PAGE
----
“It was a very concrete feeling that you could express yourself in any way; you could scream, you could stamp, you could throw things, make speeches, be devoted to your own cause, or not, but in the end, from the very beginning, there would be consensus, there would be agreement. And the board, which has continually changed, with different people, different personalities, different skills, always came together in the end.
“And that presentation to the public, to the students, to the town of Truro, to Cape Cod, to nature, always came through. And usually it was stronger than ever after each crisis, whether we were broke, or whatever, we went out and raised money, contributed art to our auctions, and we continued. Artists donated works of art to our auctions, which became famous over the years. We always had community spirit; you could come and sit on the back deck,have a cup of coffee, and be included somehow.
“We had some very big and tumultuous decisions to make, many controversies; some wanted it to be a small organization, some wanted it to grow, we had people with no opinion or plenty of opinion, but so far as I know, 45 years ago when the founders, Joyce Johnson, Eleanor Meldahl and Dan Klubock, created Castle Hill they envisioned a very self-sufficient small art school, an unusual art school. To me the feeling was almost Japanese in its rigor and its freedom and the way it came together. I mean you could be in a class where everyone is doing something else, but it is also unified; there is a fusion.
“When we came to the point when Joyce Johnson said to me that there was a marvelous property for sale that was called Edgewood Farm, very few people knew it. Eleanor Meldahl had lived there with her family and raised her children there, and, of course, she was a part of Castle Hill. So we started to think, as a group, of buying it, and we eventually did, which has made a great difference. Over the course of three years we hammered out all the difficulties and came to the conclusion — a 100 percent of the board voted for it — that we should buy it. And now things are bigger, but they are not different. I find the same kind of community and the same kind of consensus. We worked at getting everyone together on that same page.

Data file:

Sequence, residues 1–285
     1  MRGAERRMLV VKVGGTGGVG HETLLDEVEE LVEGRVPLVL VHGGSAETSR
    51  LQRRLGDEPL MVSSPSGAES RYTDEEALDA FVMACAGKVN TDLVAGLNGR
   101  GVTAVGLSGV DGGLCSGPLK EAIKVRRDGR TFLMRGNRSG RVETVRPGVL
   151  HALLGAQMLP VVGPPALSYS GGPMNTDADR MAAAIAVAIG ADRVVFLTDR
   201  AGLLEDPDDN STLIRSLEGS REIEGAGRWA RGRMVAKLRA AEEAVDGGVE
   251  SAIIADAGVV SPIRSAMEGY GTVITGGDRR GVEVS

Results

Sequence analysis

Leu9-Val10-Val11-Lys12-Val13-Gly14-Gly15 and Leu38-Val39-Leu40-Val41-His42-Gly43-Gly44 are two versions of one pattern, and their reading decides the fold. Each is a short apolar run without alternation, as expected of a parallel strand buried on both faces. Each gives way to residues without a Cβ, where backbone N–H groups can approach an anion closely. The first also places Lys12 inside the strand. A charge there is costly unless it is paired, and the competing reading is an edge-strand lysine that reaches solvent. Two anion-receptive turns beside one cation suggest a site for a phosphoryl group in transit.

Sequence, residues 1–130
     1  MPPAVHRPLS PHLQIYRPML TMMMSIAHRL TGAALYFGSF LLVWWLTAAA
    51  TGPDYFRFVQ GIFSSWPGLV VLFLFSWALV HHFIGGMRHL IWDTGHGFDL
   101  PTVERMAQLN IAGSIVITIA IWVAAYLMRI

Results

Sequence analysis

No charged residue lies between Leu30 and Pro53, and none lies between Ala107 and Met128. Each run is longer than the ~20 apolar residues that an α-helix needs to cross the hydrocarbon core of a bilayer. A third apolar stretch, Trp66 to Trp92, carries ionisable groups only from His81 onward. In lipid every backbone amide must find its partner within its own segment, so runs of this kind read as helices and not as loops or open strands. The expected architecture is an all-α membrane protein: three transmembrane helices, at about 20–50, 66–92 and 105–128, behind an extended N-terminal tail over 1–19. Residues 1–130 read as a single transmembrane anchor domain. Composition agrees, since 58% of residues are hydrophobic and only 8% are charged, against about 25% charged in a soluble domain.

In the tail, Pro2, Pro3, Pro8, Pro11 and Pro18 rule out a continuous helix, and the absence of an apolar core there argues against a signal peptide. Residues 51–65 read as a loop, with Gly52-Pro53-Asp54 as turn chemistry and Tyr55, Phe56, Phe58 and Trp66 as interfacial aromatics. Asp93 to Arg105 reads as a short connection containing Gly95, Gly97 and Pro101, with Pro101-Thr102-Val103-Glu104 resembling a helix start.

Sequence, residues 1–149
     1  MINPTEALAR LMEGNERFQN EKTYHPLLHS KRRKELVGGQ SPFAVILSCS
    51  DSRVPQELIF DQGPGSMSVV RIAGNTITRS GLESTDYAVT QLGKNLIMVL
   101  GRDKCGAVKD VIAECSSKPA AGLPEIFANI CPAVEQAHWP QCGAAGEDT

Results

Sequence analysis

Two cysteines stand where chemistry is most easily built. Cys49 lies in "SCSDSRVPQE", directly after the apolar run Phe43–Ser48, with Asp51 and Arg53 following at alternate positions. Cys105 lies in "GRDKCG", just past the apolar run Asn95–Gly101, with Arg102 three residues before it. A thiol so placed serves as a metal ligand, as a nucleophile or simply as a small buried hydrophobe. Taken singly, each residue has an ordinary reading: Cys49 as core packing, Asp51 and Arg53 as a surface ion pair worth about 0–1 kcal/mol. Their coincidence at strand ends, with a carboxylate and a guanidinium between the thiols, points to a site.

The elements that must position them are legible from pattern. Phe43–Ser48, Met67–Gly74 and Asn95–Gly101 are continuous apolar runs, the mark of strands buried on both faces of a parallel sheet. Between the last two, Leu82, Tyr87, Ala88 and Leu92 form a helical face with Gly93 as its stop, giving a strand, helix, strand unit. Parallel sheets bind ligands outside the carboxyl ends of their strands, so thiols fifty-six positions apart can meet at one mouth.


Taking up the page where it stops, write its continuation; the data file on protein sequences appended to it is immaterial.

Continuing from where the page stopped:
I know it’s different, bigger, but it is never going to be isolating, it’s never going to be a hierarchy of people who would govern it; it’s un-collegiate in that way. There’s no provost, no principal or headmaster or head of the school. There is an executive director and there will probably always be an one because that’s who coordinates the school, doesn’t run the school but coordinates it with different projects that the board, the students, people just work on. I guess you would say that the executive director is flexible.
“The current one, Cherie Mittenthal, has done marvelous, amazing things you would not have thought could be done and improved the school every year. It’s even funny for me to call it a school because it’s not rigid, it doesn’t have a rigid structure. It’s a school that is a community, not a community school. So I think that we’ve always leaned toward the positive, toward inclusion.
“The selfishness that you get on many boards doesn’t exist too much here. You think of Castle Hill, you don’t think of what you need. Of course, people are welcome to voice their opinions, but I’d say that 95 percent of the board thinks of how to make Castle Hill better. It’s an amazing confluence of people full of positiveness. And, finally, I am leaving the boardbecause I’ve been on it a long time, I’ve contributed what I can, and I personally am very happy at this point that Castle Hill is where it is today, and it’s going further, its going on and won’t stop. You can see that this is a continuum. Hundreds of years from now I hope it is still here, like Harvard.”
(The Castle Hill Summer Bash takes place on Saturday, July 23 from 6-9 p.m. at the Truro Center for the Arts, 10 Meeting House Road, Truro, Mass. For more information, visit castlehill.org.)